CO2 From Energy Production Held Steady In 2019: IEA

Global energy-related CO2 emissions flattened last year to 33 billion tonnes: Energy agency

Global energy-related emissions of heat-trapping carbon dioxide remained steady previous year, with declines in the advanced economies balancing out a rise in the rest of the world, latest data has shown.

In fact, the International Energy Agency (IEA) found that the USA decrease in emissions was the largest total of any country, at 140 million tons.

In 2019, drops in emissions in advanced economies were largely the result of shifts in the energy sector, with expanding use of renewable energies like wind and solar, which don't emit greenhouse gases.

Chaired by IEA Executive Director Fatih Birol, he highlighted maximum global carbon emissions by the energy sector and its key role in global energy transitions.

Other scenarios in AEO2020 show the impacts of variables such as economic activity, oil prices, renewable energy technology costs, and oil and natural gas resource estimates on US energy-related Carbon dioxide emissions projections. From 2025 to 2050, electric power sector Carbon dioxide emissions remain relatively constant as the more economically viable coal power plants stay in service.

Milder weather in several countries and slower economic growth in some emerging markets also contributed, the agency said.


The IEA report went on to note that in developing nations emissions increased, with "almost 80% of the increase coming from Asia", and that China and India were two of the main contributors to emissions growth.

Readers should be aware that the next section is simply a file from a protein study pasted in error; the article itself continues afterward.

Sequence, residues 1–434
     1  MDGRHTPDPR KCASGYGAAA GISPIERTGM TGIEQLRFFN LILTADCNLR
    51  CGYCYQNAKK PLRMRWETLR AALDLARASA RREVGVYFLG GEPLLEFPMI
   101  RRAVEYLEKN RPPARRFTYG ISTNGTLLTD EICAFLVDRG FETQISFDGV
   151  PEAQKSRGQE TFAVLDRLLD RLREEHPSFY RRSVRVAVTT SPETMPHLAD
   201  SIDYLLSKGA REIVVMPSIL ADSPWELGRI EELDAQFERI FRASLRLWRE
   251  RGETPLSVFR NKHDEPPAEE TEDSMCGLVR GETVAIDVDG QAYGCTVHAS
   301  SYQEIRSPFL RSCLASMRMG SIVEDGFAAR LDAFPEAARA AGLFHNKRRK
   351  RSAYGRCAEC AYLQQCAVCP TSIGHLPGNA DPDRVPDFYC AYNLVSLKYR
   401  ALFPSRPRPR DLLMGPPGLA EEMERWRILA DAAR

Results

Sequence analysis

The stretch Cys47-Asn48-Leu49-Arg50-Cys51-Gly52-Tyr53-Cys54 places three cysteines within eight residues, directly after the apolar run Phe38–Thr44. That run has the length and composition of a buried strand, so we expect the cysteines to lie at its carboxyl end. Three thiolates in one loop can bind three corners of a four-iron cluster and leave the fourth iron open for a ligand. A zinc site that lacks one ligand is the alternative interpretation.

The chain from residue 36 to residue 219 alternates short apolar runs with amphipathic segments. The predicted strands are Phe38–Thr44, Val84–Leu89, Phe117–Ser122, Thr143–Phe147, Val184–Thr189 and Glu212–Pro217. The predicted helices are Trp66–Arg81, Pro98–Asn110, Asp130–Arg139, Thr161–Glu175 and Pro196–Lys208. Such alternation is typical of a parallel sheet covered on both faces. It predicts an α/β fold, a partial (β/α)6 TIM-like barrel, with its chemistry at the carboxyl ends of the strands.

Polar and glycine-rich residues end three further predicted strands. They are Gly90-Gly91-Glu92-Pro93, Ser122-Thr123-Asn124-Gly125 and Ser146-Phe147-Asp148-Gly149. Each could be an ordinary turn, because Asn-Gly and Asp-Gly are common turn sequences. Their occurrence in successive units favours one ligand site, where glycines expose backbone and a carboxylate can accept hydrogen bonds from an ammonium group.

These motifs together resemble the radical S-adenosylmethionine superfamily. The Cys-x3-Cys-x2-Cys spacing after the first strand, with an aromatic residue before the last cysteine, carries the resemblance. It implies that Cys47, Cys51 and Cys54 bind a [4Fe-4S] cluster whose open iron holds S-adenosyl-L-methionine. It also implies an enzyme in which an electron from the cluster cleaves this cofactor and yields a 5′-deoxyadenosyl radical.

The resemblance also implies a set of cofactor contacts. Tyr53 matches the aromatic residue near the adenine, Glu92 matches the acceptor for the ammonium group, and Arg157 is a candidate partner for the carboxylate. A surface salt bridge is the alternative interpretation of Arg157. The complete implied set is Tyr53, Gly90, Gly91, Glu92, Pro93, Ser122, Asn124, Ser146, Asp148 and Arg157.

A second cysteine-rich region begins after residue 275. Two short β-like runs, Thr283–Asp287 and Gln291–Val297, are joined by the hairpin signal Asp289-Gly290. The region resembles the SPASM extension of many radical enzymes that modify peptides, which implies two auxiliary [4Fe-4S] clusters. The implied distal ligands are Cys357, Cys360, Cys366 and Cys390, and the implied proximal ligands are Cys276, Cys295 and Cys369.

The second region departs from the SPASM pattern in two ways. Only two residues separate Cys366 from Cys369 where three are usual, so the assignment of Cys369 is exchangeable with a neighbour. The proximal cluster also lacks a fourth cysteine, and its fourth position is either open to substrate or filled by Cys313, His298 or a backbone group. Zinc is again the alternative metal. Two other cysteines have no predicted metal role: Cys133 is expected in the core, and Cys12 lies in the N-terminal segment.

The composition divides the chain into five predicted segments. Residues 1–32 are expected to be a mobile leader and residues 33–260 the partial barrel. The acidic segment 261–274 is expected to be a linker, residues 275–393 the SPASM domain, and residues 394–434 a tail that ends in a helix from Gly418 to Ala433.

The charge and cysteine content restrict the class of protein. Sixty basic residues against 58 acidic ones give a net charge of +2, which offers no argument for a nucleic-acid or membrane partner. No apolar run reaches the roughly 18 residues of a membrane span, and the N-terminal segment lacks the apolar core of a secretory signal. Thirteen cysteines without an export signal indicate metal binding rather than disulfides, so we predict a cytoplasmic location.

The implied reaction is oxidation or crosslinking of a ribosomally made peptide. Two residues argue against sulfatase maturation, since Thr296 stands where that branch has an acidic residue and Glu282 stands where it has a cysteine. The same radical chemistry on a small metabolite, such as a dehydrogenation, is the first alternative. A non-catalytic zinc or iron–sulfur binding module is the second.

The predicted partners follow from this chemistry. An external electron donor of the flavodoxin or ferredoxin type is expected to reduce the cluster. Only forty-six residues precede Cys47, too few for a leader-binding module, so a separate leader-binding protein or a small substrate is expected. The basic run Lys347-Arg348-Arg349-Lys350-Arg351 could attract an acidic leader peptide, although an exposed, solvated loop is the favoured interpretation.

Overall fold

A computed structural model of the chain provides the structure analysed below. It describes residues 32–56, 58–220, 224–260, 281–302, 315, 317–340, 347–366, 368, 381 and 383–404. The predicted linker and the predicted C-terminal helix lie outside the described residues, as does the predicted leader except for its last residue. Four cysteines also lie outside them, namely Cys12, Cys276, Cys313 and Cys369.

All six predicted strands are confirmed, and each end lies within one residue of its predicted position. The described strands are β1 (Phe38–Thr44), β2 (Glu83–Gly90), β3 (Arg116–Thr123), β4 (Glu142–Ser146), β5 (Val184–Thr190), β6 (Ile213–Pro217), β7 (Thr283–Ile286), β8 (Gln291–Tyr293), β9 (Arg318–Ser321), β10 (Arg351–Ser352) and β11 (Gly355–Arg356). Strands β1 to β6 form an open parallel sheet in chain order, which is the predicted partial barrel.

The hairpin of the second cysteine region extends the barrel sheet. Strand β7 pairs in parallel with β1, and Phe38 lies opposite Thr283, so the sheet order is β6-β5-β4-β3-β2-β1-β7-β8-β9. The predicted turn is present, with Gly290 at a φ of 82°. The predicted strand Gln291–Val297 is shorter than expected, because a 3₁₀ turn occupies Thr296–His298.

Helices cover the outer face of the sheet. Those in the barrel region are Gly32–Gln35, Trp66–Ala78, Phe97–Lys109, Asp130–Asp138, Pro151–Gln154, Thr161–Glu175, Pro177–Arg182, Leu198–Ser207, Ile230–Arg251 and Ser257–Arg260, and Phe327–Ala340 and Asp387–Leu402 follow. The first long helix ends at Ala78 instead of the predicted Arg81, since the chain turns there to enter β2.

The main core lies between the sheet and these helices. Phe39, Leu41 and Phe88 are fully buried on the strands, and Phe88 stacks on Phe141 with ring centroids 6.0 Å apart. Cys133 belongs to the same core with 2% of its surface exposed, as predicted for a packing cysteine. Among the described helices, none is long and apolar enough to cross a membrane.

European Union emissions fell by 160 million tonnes or 5 per cent last year from a year earlier due to more use of natural gas and wind power in electricity generation. US-related emissions dropped by 2.9% or 140 million tonnes within this period.

The report also details that the decreasing emissions had mostly occurred because of so-called "advanced economies". Across advanced economies, emissions from the power sector declined to the lowest levels since the late 1980s, when electricity demand was one-third lower than today.

Pompeo articulated that the USA would move forward with efforts to curb emissions while also growing the economy, a promise that the administration appears to have kept in 2019, with the economy growing 2.3% over the year.

Emissions in the rest of the world grew by close to 400 million tonnes in 2019, with nearly 80% of the increase coming from countries in Asia where coal-fired power generation continued to rise. This calls for a grand coalition that brings together all the stakeholders that have a genuine commitment to reducing emissions - governments, industry, financial institutions, global organizations and civil society.

He emphasized that the initiative would make coal plants smaller and more efficient, and also look for alternative uses for the fossil fuel which was once a livelihood to millions of families throughout coal country, but is now becoming a much smaller part of the US energy sector.

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